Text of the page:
At this year’s Nonprofit Technology Conference, I was thrilled to co-facilitate an interactive session called “Happy Healthy Nonprofit: Using Tech for Healthier Work and Life” with Aliza Sherman (who is my co-author for the Happy,Healthy Nonprofit Book), and Gina Schmeling, Director of Individual Giving, Hazon.
Gina and I share a passion for walking as work which includes walking meetings, standing desks and more. We’ve had a great time sharing tips and discussion with many other nonprofits professionals in an open Facebook Group called “Take A Walk“for nonprofit professionals interested in walking meetings and other ways to bring movement into their nonprofit workplaces. This group was started by Lisa Colton after a session I designed and facilitated last year called “Walking as Work.” So, was delighted that Gina was able to join Aliza and I for this year’s NTC session on the topic.
According to the National Geographic list of the top 10 bookstores in the world published in the book Destinations of a Lifetime, Atlantis Books in Santorini is the best bookstore in the world.
You will find it on the island, in Oia, into the side of a cliff , situated below street level, making it feel like you’re descending into a secret literature stoa. Atlantis Books was opened in 2004 by expats from the US, England, and Cyprus, who fell in love with Santorini and decided to stay.
“We found an empty building facing the sunset, drank some whiskey and signed a lease. We found a dog and cat, opened a bank account, applied for a business license, found some friends, built the shelves, landed a boat on the terrace and filled the place with books.” , their website writes.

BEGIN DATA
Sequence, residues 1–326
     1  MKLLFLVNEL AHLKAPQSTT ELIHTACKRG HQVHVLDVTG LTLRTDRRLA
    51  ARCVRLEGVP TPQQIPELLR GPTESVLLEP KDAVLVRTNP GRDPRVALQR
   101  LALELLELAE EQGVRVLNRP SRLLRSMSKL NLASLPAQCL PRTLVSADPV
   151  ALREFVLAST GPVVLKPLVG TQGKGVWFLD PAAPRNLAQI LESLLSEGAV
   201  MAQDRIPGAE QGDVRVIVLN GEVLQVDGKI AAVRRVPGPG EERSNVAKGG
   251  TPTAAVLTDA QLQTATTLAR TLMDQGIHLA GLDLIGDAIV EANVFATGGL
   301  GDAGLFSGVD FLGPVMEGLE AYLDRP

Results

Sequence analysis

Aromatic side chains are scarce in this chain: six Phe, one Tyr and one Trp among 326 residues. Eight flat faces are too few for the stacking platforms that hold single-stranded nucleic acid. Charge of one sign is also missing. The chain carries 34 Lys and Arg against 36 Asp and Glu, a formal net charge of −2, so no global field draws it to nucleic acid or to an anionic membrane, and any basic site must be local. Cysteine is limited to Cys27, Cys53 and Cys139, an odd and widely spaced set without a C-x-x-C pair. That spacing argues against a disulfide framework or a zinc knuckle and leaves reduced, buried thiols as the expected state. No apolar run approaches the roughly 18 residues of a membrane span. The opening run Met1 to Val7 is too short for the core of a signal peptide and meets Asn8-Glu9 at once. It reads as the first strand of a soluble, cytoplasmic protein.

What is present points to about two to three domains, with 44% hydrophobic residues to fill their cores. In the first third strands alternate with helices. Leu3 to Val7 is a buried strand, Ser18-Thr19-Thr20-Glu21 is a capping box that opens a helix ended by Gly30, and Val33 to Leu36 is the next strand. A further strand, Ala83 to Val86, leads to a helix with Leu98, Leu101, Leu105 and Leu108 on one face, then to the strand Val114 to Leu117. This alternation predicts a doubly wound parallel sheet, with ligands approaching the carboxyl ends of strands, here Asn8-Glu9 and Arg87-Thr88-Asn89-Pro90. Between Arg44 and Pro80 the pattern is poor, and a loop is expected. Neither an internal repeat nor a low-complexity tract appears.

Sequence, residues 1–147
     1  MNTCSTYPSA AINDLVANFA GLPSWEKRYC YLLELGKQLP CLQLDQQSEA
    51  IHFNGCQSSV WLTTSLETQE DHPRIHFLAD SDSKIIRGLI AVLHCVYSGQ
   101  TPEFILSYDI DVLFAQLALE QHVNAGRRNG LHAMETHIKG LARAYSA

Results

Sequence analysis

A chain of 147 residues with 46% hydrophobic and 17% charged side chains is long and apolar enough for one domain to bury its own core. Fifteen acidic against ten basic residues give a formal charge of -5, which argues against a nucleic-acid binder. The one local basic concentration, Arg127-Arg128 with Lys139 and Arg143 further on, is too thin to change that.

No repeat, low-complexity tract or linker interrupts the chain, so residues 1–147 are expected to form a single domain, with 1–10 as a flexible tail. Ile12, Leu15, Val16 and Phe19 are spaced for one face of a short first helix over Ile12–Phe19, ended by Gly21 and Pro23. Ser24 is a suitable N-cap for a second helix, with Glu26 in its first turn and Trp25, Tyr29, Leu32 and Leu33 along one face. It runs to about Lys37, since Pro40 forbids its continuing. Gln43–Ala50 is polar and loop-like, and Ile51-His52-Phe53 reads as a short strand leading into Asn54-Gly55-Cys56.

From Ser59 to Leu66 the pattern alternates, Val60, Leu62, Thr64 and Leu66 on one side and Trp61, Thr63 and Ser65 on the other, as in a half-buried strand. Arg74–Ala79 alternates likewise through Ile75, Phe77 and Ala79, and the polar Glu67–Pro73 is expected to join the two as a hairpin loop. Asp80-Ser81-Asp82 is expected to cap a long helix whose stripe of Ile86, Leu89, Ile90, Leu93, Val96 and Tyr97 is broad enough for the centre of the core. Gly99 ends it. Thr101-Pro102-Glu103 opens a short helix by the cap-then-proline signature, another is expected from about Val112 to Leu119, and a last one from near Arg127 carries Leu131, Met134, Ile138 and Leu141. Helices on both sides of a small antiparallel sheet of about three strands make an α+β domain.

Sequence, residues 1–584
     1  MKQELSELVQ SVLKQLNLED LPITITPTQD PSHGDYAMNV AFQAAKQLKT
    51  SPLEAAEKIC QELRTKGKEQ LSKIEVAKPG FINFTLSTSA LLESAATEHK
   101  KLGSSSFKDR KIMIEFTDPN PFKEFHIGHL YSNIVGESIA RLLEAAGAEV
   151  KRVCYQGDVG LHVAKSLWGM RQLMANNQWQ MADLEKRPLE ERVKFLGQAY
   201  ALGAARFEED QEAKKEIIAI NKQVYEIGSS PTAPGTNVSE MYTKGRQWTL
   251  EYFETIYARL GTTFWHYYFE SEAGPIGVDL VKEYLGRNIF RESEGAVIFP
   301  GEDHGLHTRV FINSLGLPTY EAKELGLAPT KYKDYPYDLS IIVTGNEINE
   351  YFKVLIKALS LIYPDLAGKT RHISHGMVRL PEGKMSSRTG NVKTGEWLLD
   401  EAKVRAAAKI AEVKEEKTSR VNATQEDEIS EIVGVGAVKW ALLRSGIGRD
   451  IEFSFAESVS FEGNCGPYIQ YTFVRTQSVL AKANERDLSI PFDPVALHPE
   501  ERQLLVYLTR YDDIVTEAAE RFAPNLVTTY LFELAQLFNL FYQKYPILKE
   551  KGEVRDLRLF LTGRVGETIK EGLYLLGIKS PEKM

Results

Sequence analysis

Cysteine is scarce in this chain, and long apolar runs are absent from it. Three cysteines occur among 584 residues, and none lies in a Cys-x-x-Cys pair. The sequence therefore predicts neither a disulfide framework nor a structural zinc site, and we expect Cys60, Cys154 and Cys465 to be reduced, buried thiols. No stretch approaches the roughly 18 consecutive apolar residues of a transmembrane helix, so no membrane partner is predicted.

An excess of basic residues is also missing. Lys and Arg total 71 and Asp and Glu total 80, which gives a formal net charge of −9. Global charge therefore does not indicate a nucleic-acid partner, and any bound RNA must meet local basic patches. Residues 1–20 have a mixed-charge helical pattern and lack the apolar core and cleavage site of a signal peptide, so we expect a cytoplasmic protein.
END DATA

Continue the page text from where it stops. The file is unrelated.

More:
The store has hosted readings on the terrace, bookbinding classes, and food and film festivals, National Geographic notes
Following Atlantis bookstore, in the list of 10 bookstores you should visit in your lifetime, come
- Cafebrería el Péndulo, Mexico City, Mexico
- Munro’s Books, Victoria, Canada
- El Ateneo Grand Splendid, Buenos Aires, Argentina
- Powell’s City of Books, Portland, Oregon
- Prairie Lights, Iowa City, Iowa
- Shakespeare and Company, Paris, France
- Gertrude & Alice, Sydney, Australia
- Librairie Avant-Garde, Nanjing, China
- Cook & Book, Brussels, Belgium
New research suggests that getting out into nature can help city dwellers — and others — improve their moods.
Living in the city can raise your stress levels and risk of depression, but finding even a little urban green space can make a big difference.
New research from Stanford University suggests that spending a little time in nature actually changes your brain activity, leading to less anxiety. As Gretchen Reynolds reports in the New York Times, Gregory Bratman, a graduate student at the Emmett Interdisciplinary Program in Environment and Resources at Stanford, measured the effect of a 90-minute nature hike on 38 adult city dwellers and found that brain activity in their subgenual prefrontal cortex, an area of the brain focused on “morbid rumination,” was lower than those who walked along a nearby highway.
Those who experienced a more natural environment were less likely to dwell on the negative aspects of their lives, Reynolds reported. The results suggest that getting out into nature can be an simple way to improve the moods of urban residents.
For more on the effect nature can have on your moods, see “Nature Quest”
Visit also , our Relax in Greece greek2m.org Special Page
Don’t miss our Happiness in Greece greek2m.org Page
photos Lesvos, March 2016, by I LOVE LESVOS, fb
Source: Walking in Nature Can Change Your Brain, experiencelife.com
*Here are 7 reasons keeping a journal is likely to make you more happy and successful.
Are you ready for “paleo-happiness”?
It’s fascinating to consider just how many ancient teachings tell us that humans have the capacity to gain extraordinary powers through various techniques. Some of these techniques, known as siddhis in the yoga tradition (from the Sanskrit, meaning “perfection”), include meditation, static dancing, drumming, praying, fasting, psychedelics, and more. In Buddhism, for example, the existence of advanced […]